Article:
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Volume Number December Journal of Athletic Training by the National Athletic Trainers Association Inc www

journalofathletictrainingorg National Athletic Trainers Association Position Statement Management of the Athlete With Type 1 Diabetes Mellitus Carolyn C Jimenez PhD ATC Matthew H Corcoran MD CDE James T Crawley MEd PT ATC W Guyton Hornsby Jr PhD CDE

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Volume Number December Journal of Athletic Training by the National Athletic Trainers Association Inc www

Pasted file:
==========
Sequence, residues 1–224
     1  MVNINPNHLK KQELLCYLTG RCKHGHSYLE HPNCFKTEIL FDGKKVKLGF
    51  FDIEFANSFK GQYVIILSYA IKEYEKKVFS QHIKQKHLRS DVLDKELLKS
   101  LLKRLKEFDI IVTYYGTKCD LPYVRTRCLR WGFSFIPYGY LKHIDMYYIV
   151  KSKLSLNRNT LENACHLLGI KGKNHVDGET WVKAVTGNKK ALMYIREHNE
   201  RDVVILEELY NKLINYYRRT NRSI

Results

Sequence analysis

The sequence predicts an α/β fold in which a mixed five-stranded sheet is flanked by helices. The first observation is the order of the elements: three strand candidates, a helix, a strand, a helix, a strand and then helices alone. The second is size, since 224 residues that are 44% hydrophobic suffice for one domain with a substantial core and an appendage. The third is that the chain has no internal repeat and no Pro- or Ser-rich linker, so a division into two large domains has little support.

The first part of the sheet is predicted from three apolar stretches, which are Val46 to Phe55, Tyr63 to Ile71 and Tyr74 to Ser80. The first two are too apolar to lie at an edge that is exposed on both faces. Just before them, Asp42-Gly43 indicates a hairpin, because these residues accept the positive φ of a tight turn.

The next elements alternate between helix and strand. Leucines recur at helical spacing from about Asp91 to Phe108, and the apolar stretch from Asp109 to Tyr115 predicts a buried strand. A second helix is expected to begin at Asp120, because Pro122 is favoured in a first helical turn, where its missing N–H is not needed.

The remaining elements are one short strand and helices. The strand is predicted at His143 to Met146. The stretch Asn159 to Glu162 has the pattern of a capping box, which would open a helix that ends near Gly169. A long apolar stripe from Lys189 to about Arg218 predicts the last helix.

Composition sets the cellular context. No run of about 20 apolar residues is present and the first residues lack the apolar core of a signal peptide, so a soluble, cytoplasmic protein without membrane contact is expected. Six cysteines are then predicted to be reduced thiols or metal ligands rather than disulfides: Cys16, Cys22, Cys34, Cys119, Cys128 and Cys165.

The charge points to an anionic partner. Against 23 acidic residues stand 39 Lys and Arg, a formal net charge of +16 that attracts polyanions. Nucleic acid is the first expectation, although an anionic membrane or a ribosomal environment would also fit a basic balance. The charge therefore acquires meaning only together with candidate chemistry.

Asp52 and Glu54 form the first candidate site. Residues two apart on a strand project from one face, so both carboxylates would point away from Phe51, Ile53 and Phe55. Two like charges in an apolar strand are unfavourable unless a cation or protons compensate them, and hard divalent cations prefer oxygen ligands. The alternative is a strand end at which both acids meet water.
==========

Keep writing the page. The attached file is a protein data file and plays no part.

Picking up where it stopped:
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Volume42Number4December2007uctuationsthatcouldaffectinsulinaction,insulinshouldnotbestoredinthecargoholdoftheairplane.15.Whentraveling,athleteswithtype1diabetesareadvisedtocarryprepackagedmealsandsnacksincasefoodavail-abilityisinterrupted.Iftraveloccursoverseveraltimezones,insulintherapymayneedtobeadjustedtocoor-dinatewithchangesineatingandactivitypatterns.AthleticInjuryandGlycemicControl16.Trauma,eveninpersonswithoutdiabetes,oftencausesahyperglycemicstate.Hyperglycemiaisknowntoimpairthewoundhealingprocess;thus,forathleteswithtype1diabetes,anindividualizedbloodglucosemanagementprotocolshouldbedevelopedforuseduringinjuryrecov-ery,includingfrequencyofbloodglucosemonitoring.Diabetesmellitusisachronicendocrinedisordercharacter-izedbyhyperglycemia.Personswithdiabetesareatriskformacrovascular,microvascular,andneuropathiccomplications.Forthosewithoutdiabetes,normalfastingbloodglucoselevelsare60to100mg/dL(3.3to5.5mmol/L);normalpostprandiallevelsarelessthan140mg/dL(7.8mmol/L)2hoursafterameal.Chronichyperglycemialeadstolong-termdamage,dys-function,andfailureofvariousorgans,especiallytheeyes,kidneys,nerves,andheart.Theliteraturesupportstheim-portanceofaconsistent,near-normalbloodglucoselevel,aswellasbloodpressureandlipidcontrol,forpreventingdia-betes-relatedcomplicationsandimprovingqualityoflife.Currently,approximately20.8millionpersonsarelivingwithdiabetesintheUnitedStates.Itisestimatedthatap-proximately90%havetype2diabetesandapproximately10%havetype1diabetes.Type2diabetestypicallyoccursinadults40yearsofageandolder;however,theincidenceoftype2diabetesinchildrenisincreasing,especiallyamongAmericanIndian,AfricanAmerican,andHispanic/Latinopop-ulations.Type1diabetestypicallyoccursinchildrenandyoungadults.Type1diabetesistherarerformofthedisease,butathletictrainersworkinginmiddleschools,secondaryschools,colleges,andmanyprofessionalsettingsaremorelikelytoencounterath-leteswithtype1thantype2diabetes.Thispositionstatementfocusesonrecommendationsfortheathletewithtype1diabetes,althoughathletictrainerscanalsoplayacrucialroleinthedia-betes-managementplanofapersonwithtype2diabetes.Type1diabetesischaracterizedbyabsoluteinsulinde-ciency.Itisconsideredanautoimmunedisorderresultingfromacombinationofgeneticandunknownenvironmentalfactors.Thesignsandsymptomsoftype1diabetesdeveloprapidlyandarerelatedtohyperglycemia.Symptomsincludefrequenturination,thirst,hungerandpolyphagia,weightloss,visualdisturbances,fatigue,andketosis.Usually,athletesareabletoresumeexerciseandsportswithinweeksofstartinginsulintreatmentaslongasatreatmentplanisdevelopedandasup-portteamexists.Thetreatmentplanforpersonswithtype1diabetesfocusesonaself-careplanpredicatedonexogenousinsulin,monitoringofbloodglucose,healthynutrition,andDIABETESMANAGEMENTTEAMANDTHEDIABETESCAREPLANPropermanagementofbloodglucoselevelsduringpracticesandgamesallowstheathletewithdiabetestocompeteinasafeandeffectivemanner.Maintaininganear-normalbloodglucoselevel(100to180mg/dL,or5.5mmol/Lto10mmol/L)reducestheriskofdehydration,lethargy,hypoglycemia,andautonomiccounterregulatoryfailure.Thisgoalisbestachievedthroughateamapproach.Theteam-managementap-proachtoprovidingsupportforpatientswithdiabetesiswellestablishedinthealliedhealthliterature.38–46Inschool-agedath-letes,theteamshouldincludetheschoolnurse,coach,andschooladministrators.Inadultathletes,diabetesisbestmanagedbyateamthatincludesseveralhealthprofessionals.39,41–43,47,48atingthisteamrequiresadeliberate,well-designedplan,whichdenestheroleofeachindividualinthesupervisionandcareoftheathletewithdiabetes.Allmembersoftheteamshouldbetrainedandwillingtoassistanathletewhoisexperiencingadiabetes-relatedemergency.Criticalrolesfortheathletictrainerincludeprevention,rec-ognition,andimmediatecareofhypoglycemiaandhypergly-cemia(withandwithoutketoacidosis);exercisenutrition;hy-drationcounseling;andhelpingtheathletetorecognizetheintensityoftheexercisesessioninordertoadjustglucoseandinsulinlevelsaccordingly.41,49–51Theathletictraineralsofa-cilitatescommunicationamongtheothermembersofthedi-abetesmanagementteam.Athleteswithtype1diabetesshouldhaveadiabetescareplanforpracticesandgames.Theplanshouldidentifybloodglucosetargetsforpracticesandgames,includingexclusionthresholds;strategiestopreventexercise-associatedhypogly-cemia,hyperglycemia,andketosis;alistofmedicationsusedforglycemiccontrolorotherdiabetes-relatedconditions;signs,symptoms,andtreatmentprotocolsforhypoglycemia,hyperglycemia,andketosis;andemergencycontactinforma-tion.Theathletemusthaveaccesstosuppliesformanagingglycemicemergenciesatalltimes.Whentheathleterequiresassistance,theathletictrainerand/orothermembersofthediabetesmanagementteam(eg,coach)musthaveimmediateaccesstothesesupplies.Theathleteorparent/guardianshouldprovidethenecessarysuppliesandequipment.PREPARTICIPATIONPHYSICALEXAMINATIONFORATHLETESWITHTYPE1DIABETESAthoroughPPEshouldbeginwiththeteamorprimarycarephysician.Thisexaminationshouldincludeasportshistory,assessmentofthelevelofdiabetesself-careskillsandknowl-edge,generalphysicalexaminationemphasizingscreeningofdiabetes-relatedcomplications,anddiscussionofhowsportsparticipationwillaffectbloodglucoseandbloodpressurecon-trol.AspartofthePPE,theathlete’sendocrinologistorpri-marycarephysicianshouldprovideanassessmentofthecur-rentlevelofglycemiccontrol,informationconcerningthepresenceandstatusofdiabetes-relatedcomplications,andbloodglucosemanagementstrategies.CompletionofthePPEmayrequireconsultationwithotherspecialists(eg,cardiolo-gist,ophthalmologist),especiallyinthecaseofdiabetes-relat-edcomplications.AthletictrainersarereferredtothebookofExerciseinDiabetespublishedbytheAmericanDiabetesAssociation,forfurtherreadingsonprescreeningoftheactiveindividualwithtype1diabetes. Volume42Number4December2007insulindosing;allowanceforexiblemealschedules;andavoidingtheregularuseofneedlesforinsulinadministration.Disadvantagesofinsulinpumptherapyincludepossibledam-ageduringcontactsports;riskofhyperglycemiaandketosisiftheinsulinpumpmalfunctionsorisinadvertentlydiscon-nectedfromtheathlete;infusionsetdisplacement,asheavysweatingorwatercontactmayreducetheabilityofadhesivestoholdtheinfusionsetinplace;movementorcontactleadingtoirritationattheinfusionsite,especiallyinthoseusingmetalneedleinfusionsets;andextremeambienttemperaturesF[2.22C]orF[30C]),whichcanaffectinsulinhousedwithinthepumpandinterferewithinsulinaction.TheadvantagesofMDIincludealowercostofoperationcomparedwithinsulinpumpsandtheabsenceofaconnectiontoadevice.Disadvantagesincludetheinabilitytomanipulatebasalinsulinlevelsduringexercise,theneedforregularin-jections,andthelackofexibilityregardingmealtimingandunplannedexercise.Insulinabsorptionistherate-limitingstepininsulinactivityforboththeinsulinpumpandMDI,andmanyfactorsmayaffecttheabsorptionrate.Athletesshoulduseconsistentsitesforinjectionstoeliminateabsorptiondifferencesamongbodyregions(ie,abdomenversustriceps).Appendix5listssomeofthevariablesthatcanaffectabsorptionrates.Theathleteanddiabetesmanagementteamshouldbeawareofinsulin-specicpharmacokineticandpharmacodynamicproperties.Forexample,rapid-actinginsulinanalogs(lispro,aspart,glulisine)allreachpeakcirculatinglevelswithin90minutesofadministration.Thispeakrepresentsthemaximalglucose-loweringeffectandgreatestriskforhypoglycemia.SeeAppendix4forpharmacokineticpropertiesofcommonlyusedbasalandbolusinsulins.HYPOGLYCEMIAHypoglycemiaisthemostsevereacutecomplicationofinten-siveinsulintherapyindiabetes,andexerciseisitsmostfrequentIntensiveinsulintherapyisassociatedwitha2-foldto3-foldincreaseinseverehypoglycemia(ie,thepersonwithdia-betesrequiresassistance).Theriskofseverehypoglycemiaishigherinmales,adolescents,andthosewhohavealreadyhadasevereepisode.Althoughresponsesareindividualized,signsandsymptomsofhypoglycemiatypicallyoccurwhenbloodglucoselevelsfallbelow70mg/dL(3.9mmol/L).Undermostcircumstances,hypoglycemiaistheresultofoverinsulinization,bothduringandafterexercise.Severalfac-torscontributetooverinsulinization.First,therateatwhichsubcutaneouslyinjectedinsulinisabsorbedincreaseswithex-erciseduetoincreasesinbodytemperatureandinsubcuta-neousandskeletalmusclebloodow.Second,exogenouslyadministeredinsulinlevelsdonotdecreaseduringexerciseinpersonswithtype1diabetes.Thisisincontrasttoexerciseinpersonswithoutdiabetes,inwhominsulinlevelsdecreasedur-ingexercisetopreventhypoglycemia.Theinabilitytode-creaseplasmainsulinlevelsduringexerciseintype1diabetescausesrelativehyperinsulinemia,whichimpairshepaticglu-coseproductionandinitiateshypoglycemia,usuallywithin20to60minutesaftertheonsetofexercise.Third,hypo-glycemiaduringexercisecanresultfromimpairedreleaseofglucose-counterregulatoryhormones(ie,glucagonandcate-cholamines)causedbyeitherapreviousboutofexerciseorhypoglycemicepisode.Asaresult,athleteswithtype1di-abeteswhoexperiencehypoglycemiaonthedaysprecedingcompetitionmaybeatriskforexercise-associatedhypogly-Finally,exerciseimprovesinsulinsensitivityinskel-etalmuscle.Exercise-associatedimprovementsininsulinsen-sitivitymaylastforseveralhourstodaysafterexercise.Thus,someathletesexperienceaphenomenonknownaspostexer-ciselate-onsethypoglycemia,whichmayoccurwhiletheath-leteissleeping.Athleteswhoexperiencenighttimehypogly-cemiarequireadditionalbloodglucosemonitoringinadditiontoasnack.Managingbloodglucoselevelsduringpracticesandgamesandpreventinghypoglycemiaarechallenges.Typically,hy-poglycemiapreventionusesa3-prongedapproachofbloodglucosemonitoring,carbohydratesupplementation,andinsulinadjustments.Appendix1listsstrategiestopreventhypogly-cemiaduringandafterpracticesandgames.Theathleteandthediabetesmanagementteamshouldworktogethertodeter-minewhichstrategiestoemploy.Hypoglycemianormallyproducesnoticeableautonomicorneurogenicsymptoms.Autonomicsymptomsincludetachy-cardia,sweating,palpitations,hunger,nervousness,headache,trembling,anddizziness.Thesesymptomstypicallyoccuratbloodglucoselevels70mg/dL(3.9mmol/L)inpersonswithdiabetesandarerelatedtothereleaseofepinephrineandAsglucosecontinuestofall,symptomsofbrainneuronalglucosedeprivation(neurogenicsymptoms)oc-curandmaycauseblurredvision,fatigue,difcultythinking,lossofmotorcontrol,aggressivebehavior,seizures,convul-sions,andlossofconsciousness;ifhypoglycemiaisprolongedandsevere,braindamageandevendeathcanresult.Symptomsofhypoglycemiacanbeuniquetoapersonwithdiabetes.Thus,theathletictrainingstaffshouldbefamiliarwithathlete-specicsymptomsofhypoglycemiaandbepreparedtoactappropriately.Hypoglycemiacancausesomeathletestobeespeciallyaggressiveandunwillingtocooperatewithinstruc-tions.Treatmentguidelinesformildandseverecasesofhy-poglycemiaarepresentedinAppendix2.ACUTEHYPERGLYCEMIAANDKETOSISHyperglycemiawithorwithoutketosiscanoccurduringexerciseinathleteswithtype1diabetes.Hyperglycemiadur-ingexerciseisrelatedtoseveralfactors.First,exercise(es-peciallyhigh-intensityexerciseat70%Vmaxor85%ofmaximalheartrate)cancauseadditionalincreasesinbloodglucoseconcentrationsandpossibleketoacidosisinathleteswithpoorglycemiccontrolandthosewhoareunderinsulin-ized.Withoutadequateinsulinlevels,bloodglucoselevelscontinuetoriseduetoexaggeratedhepaticglucoseproductionandimpairmentsinexercise-inducedglucoseutilization.Second,eveninwell-controlledathleteswithtype1diabetes,high-intensityexercisemayresultinhyperglycemia.High-in-tensityexercisemayleadtosignicantincreasesincatechol-amines,freefattyacids,andketonebodies,allofwhichimpairmuscleglucoseutilizationandincreasebloodglucoselevels.Thisexercise-associatedriseinglucoselevelsisusuallytran-sientinthewell-controlleddiabeticathlete,decliningascoun-terregulatoryhormonelevelsdecrease,typicallywithin30to60minutes.Third,thepsychologicalstressofcompetitionisfrequentlyassociatedwithincreasesinbloodglucoselevelsbeforecompetition.Althoughdatadonotexistforthosewithtype1diabetes,itislikelythatexcessiveincreasesincoun-terregulatoryhormonesoccurbeforeexercise,whenanticipa-torystressishigh.Athletesmayndthatbloodglucose Volume42Number4December2007competitioncancausemajordisturbancestobloodglucosemanagement.Maintainingthedelicatebalanceamonghypo-glycemia-euglycemia-hyperglycemiaisbestachievedthroughateamapproach.Specialconsiderationsforglycemiccontrol,medication,travel,andrecoveryfrominjuryareneededfortheathletewithtype1diabetes.Thecertiedathletictrainer,whohasmorecontactwiththeathletewithdiabetesthanmostmembersofthediabetesmanagementteam,isanintegralcom-ponentoftheteam.Athleteswithdiabetescanbenetfromawell-organizedplanthatmayallowthemtocompeteonequalgroundwiththeirteammatesandcompetitorswithoutdiabetes.TheNATApublishesitspositionstatementsasaservicetopromotetheawarenessofcertainissuestoitsmembers.Theinformationcontainedinthepositionstatementisneitherex-haustivenorexclusivetoallcircumstancesorindividuals.Var-iablessuchasinstitutionalhumanresourceguidelines,stateorfederalstatutes,rules,orregulations,aswellasregionalen-vironmentalconditions,mayimpacttherelevanceandimple-mentationoftheserecommendations.TheNATAadvisesitsmembersandotherstocarefullyandindependentlyconsidereachoftherecommendations(includingtheapplicabilitytoanyparticularcircumstanceorindividual).Thepositionstate-mentshouldnotberelieduponasanindependentbasisforcarebutratherasaresourceavailabletoNATAmembersorothers.Moreover,noopinionisexpressedhereinregardingthequalityofcarethatadherestoordiffersfromNATA’spositionstatements.TheNATAreservestherighttorescindormodifyitspositionstatementsatanytime.WegratefullyacknowledgetheeffortsofAnnAlbright,PhD,RD;RebeccaM.Lopez,MS,ATC;MarkA.Merrick,PhD,ATC;StephenH.Schneider,MD;andthePronouncementsCommitteeintheprep-arationofthisdocument.1.WassermanDH,DavisSN,ZinmanB.Fuelmetabolismduringexerciseinhealthanddiabetes.In:RudermanN,DevlinJT,SchneiderSH,KriskaA,eds.HandbookofExerciseinDiabetes.Alexandria,VA:AmericanDiabetesAssociation;2002:63–100.2.TheDiabetesControlandComplicationsTrialResearchGroup.Theeffectofintensivetreatmentofdiabetesonthedevelopmentandprogressionoflong-termcomplicationsininsulin-dependentdiabetesmellitus.NEnglJ3.UKProspectiveDiabetesStudy(UKPDS)Group.Intensiveblood-glucosecontrolwithsulphonylureasorinsulincomparedwithconventionaltreat-mentandriskofcomplicationsinpatientswithtype2diabetes(UKPDS4.LudvigssonJ,NordfeldtS.Hypoglycaemiaduringintensiedinsulinther-apyofchildrenandadolescents.JPediatrEndocrinolMetab.11(suppl1):159–166.5.TheDiabetesControlandComplicationsTrialResearchGroup.Hypo-glycemiaintheDiabetesControlandComplicationsTrial.6.SigalRJ,KennyGP,WassermanDH,Castaneda-SceppaC,WhiteRD.Physicalactivity/exerciseandtype2diabetes:aconsensusstatementfromtheAmericanDiabetesAssociation.DiabetesCare.7.AlbrightA,FranzM,HornsbyG,etal.AmericanCollegeofSportsMedicinepositionstand:exerciseandtype2diabetes.MedSciSports8.AmericanCollegeofSportsMedicineandAmericanDiabetesAssociationjointpositionstatement:diabetesmellitusandexercise.MedSciSports1997;29:i–iv.9.MolitchME,DeFronzoRA,FranzMJ,etal.Nephropathyindiabetes.DiabetesCare.2004;27(suppl1):S79–S83.10.BoultonAJ,VinikAI,ArezzoJC,etal.Diabeticneuropathies:astatementbytheAmericanDiabetesAssociation.DiabetesCare.11.FongDS,AielloL,GardnerTW,etal.Retinopathyindiabetes.2004;27(suppl1):S84–S87.12.BergerM.Adjustmentsofinsulinandoralagenttherapy.In:RudermanN,DevlinJT,SchneiderSH,KriskaA,eds.HandbookofExerciseinDiabetes.Alexandria,VA:AmericanDiabetesAssociation;2002:365–376.13.SchiffrinA,ParikhS.AccommodatingplannedexerciseintypeIdiabeticpatientsonintensivetreatment.DiabetesCare.14.SchiffrinA,ParikhS,MarlissEB,DesrosiersMM.Metabolicresponsetofastingexerciseinadolescentinsulin-dependentdiabeticsubjectstreat-edwithcontinuoussubcutaneousinsulininfusionandintensiveconven-tionaltherapy.DiabetesCare.15.RiddellMC,PerkinsBA.Type1diabetesandexercise,partI:applica-tionsofexercisephysiologytopatientmanagementduringvigorousac-tivity.CanJDiabetes.16.ZinmanB,RudermanN,CampaigneBN,DevlinJT,SchneiderSH.Physicalactivity/exerciseanddiabetes.DiabetesCare.2004;27(suppl1):S58–S62.17.WrightDA,ShermanWM,DernbachAR.Carbohydratefeedingsbefore,during,orincombinationimprovecyclingenduranceperformance.JAppl18.KalergisM,SchiffrinA,GougeonR,JonesPJ,YaleJF.Impactofbedtimesnackcompositiononpreventionofnocturnalhypoglycemiainadultswithtype1diabetesundergoingintensiveinsulinmanagementusinglis-proinsulinbeforemeals:arandomized,placebo-controlled,crossovertri-DiabetesCare.2003;26(1):9–15.19.ZinmanB.Insulinpumpwithcontinuoussubcutaneousinsulininfusionandexerciseinpatientswithtype1diabetes.In:RudermanN,DevlinJT,SchneiderSH,KriskaA,eds.HandbookofExerciseinDiabetes.andria,VA:AmericanDiabetesAssociation;2002:377–381.20.ZinmanB,TildesleyH,ChiassonJL,TsuiE,StrackT.InsulinlisproinCSII:resultsofadouble-blindcrossoverstudy.1997;46:440–443.21.FrancescatoMP,GeatM,FusiS,StuparG,NoaccoC,CattinL.Carbo-hydraterequirementandinsulinconcentrationduringmoderateexerciseintype1diabeticpatients.22.FranzMJ.Nutrition,physicalactivity,anddiabetes.In:RudermanN,DevlinJT,SchneiderSH,KriskaA,eds.HandbookofExerciseinDia-Alexandria,VA:AmericanDiabetesAssociation;2002:321–338.23.WassermanDH,ZinmanB.ExerciseinindividualswithIDDM.1994;17:924–937.24.FranzMJ,BantleJP,BeebeCA,etal.Nutritionprinciplesandrecom-mendationsindiabetes.DiabetesCare.2004;27(suppl1):S36–S46.25.BrubakerPL.Adventuretravelandtype1diabetes:thecomplicatingef-fectsofhighaltitude.DiabetesCare.26.CryerPE,DavisSN,ShamoonH.Hypoglycemiaindiabetes.27.BolliGB.Howtoamelioratetheproblemofhypoglycemiainintensiveaswellasnonintensivetreatmentoftype1diabetes.DiabetesCare.22(suppl2):B43–B52.28.AmericanDiabetesAssociation.Preventingandtreatingseverehypogly-cemia.Availableat:http://www.diabetes.org/preventing.jsp.AccessedSeptember10,2007.29.AmericanDiabetesAssociation.Hypoglycemia.Availableat:http://www.diabetes.org/type-1-diabetes/hypoglycemia.jsp.AccessedSeptem-ber10,2007.30.PerkinsBA,RiddellMC.TypeIdiabetesandexercise:usingtheinsulinpumptomaximumadvantage.CanJDiabetes.31.BergerM,CuppersHJ,HegnerH,JorgensV,BerchtoldP.Absorptionkineticsandbiologiceffectsofsubcutaneouslyinjectedinsulinprepara-DiabetesCare.32.GossainVV.Insulinanalogsandintensiveinsulintherapyintype1dia-IntJDiabDevCtries.33.U.S.DepartmentofHomelandSecurityTransportationSecurityAdmin-istration.Hiddendisabilities:travelerswithdisabilitiesandmedicalcon- Volume42Number4December2007fortreatmentofunstableanklefracturesusingtransarticularxationinpatientswithdiabetesmellitusandlossofprotectivesensibility.AnkleInt.83.BibboC,LinSS,BeamHA,BehrensFF.Complicationsofanklefracturesindiabeticpatients.OrthopClinNorthAm.84.YoungME.Malnutritionandwoundhealing.HeartLung.1988;17:60–67.85.HotterAN.Physiologicaspectsandclinicalimplicationsofwoundheal-HeartLung.86.CooperDM.Optimizingwoundhealing:apracticewithinnursing’sdo-NursClinNorthAm.87.GoodsonWHIII,HuntTK.Woundhealinginexperimentaldiabetesmel-litus:importanceofearlyinsulintherapy.SurgForum.88.FlynnJM,Rodriguez-delRioF,PizaPA.Closedanklefracturesinthediabeticpatient.FootAnkleInt.89.BagdadeJD,WaltersE.Impairedgranulocyteadherenceinmildlydiabeticpatients:effectsoftolazamidetreatment.1980;29:309–311.90.PierreEJ,BarrowRE,HawkinsHK,etal.EffectsofinsulinonwoundJTrauma.91.ClementS,BraithwaiteSS,MageeMF,etal.Managementofdiabetesandhyperglycemiainhospitals.DiabetesCare. CarolynC.Jimenez,PhD,ATC;MatthewH.Corcoran,MD,CDE;JamesT.Crawley,MEd,PT,ATC;W.GuytonHornsby,Jr,PhD,CDE;KimberlyS.Peer,EdD,LATC;RickD.Philbin,MBA,MEd,ATC;andMichaelC.Riddell,PhD,contributedtoconceptionanddesign;acquisitionandanalysisandinterpretationofthedata;anddrafting,criticalrevision,andnalapprovalofthearticle.AddresscorrespondencetoNationalAthleticTrainers’Association,CommunicationsDepartment,2952StemmonsFreeway,Dallas,TX75247.Addresse-mailtocjimenez@wcupa.edu.Appendix1.StrategiestoPreventHypoglycemia StrategyComment BloodglucosemonitoringAthletesshouldmeasurebloodglucoselevelsbefore,during,andafterexercise.Athleteswhoexerciseinextremeheatorcoldorathighaltitudeorexperiencepostexerciselate-onsethypoglycemia,whichmayleadtonighttimehypoglyce-mia,requireadditionalmonitoring.1.Measurebloodglucoselevels2to3timesbeforeexerciseat30-mininter-valstodeterminedirectionalglucosemovement.2.Measureglucoselevelsevery30minduringexerciseifpossible.3.Athleteswhoexperiencepostexerciselate-onsethypoglycemiashouldmeasureglucoselevelsevery2hupto4hpostexercise.Athleteswhoexperiencenighttimehypoglycemiashouldmeasurebloodglucosevaluesbeforegoingtosleep,onceduringthenight,andimmediatelyuponwaking.Carbohydratesupplementation(Note:TheathleteBeforeexerciseshoulddiscussspeciccarbohydratequantitiesandtypeswithhisorherphysician.)Consumptionofcarbohydratesbeforeexercisedependsontheprevailingbloodglucoselevel.Ingeneral,whenthebloodglucoselevelis100mg/dL(5.5mmol/L),carbohydratesshouldbeconsumed.Duringexercise1.Additionalcarbohydratesupplementationmaybeneededforpracticesorgameslasting60minwhenthepre-exerciseinsulindosagehasnotbeenreducedbyatleast50%.2.Athleteswhoareexercisingatthepeakofinsulinactivitymayrequiread-ditionalcarbohydrates.Athletesshouldeatasnackand/ormealshortlyafterexercise.Insulinadjustments(Note:Theseareveryimportantformoderate-intensitytohigh-intensityexercisesessionsof30min.)Physiciandeterminesinsulinreductionstrategies.1.Insulinpump(mayuseoneormoreofthefollowingstrategies)a.Reducebasalrateby20%to50%1to2hbeforeexercise.b.Reducebolusdoseupto50%atthemealprecedingexercise.c.Suspendordisconnecttheinsulinpumpatthestartofexercise.Note:Athletesshouldnotsuspendordisconnectfrompumplongerthan60minwithoutsupplementalinsulin.2.MultipledailyinjectionReducebolusdoseupto50%atthemealprecedingexercise.3.NighttimehypoglycemiaReduceeveningmealbolusinsulinby50%.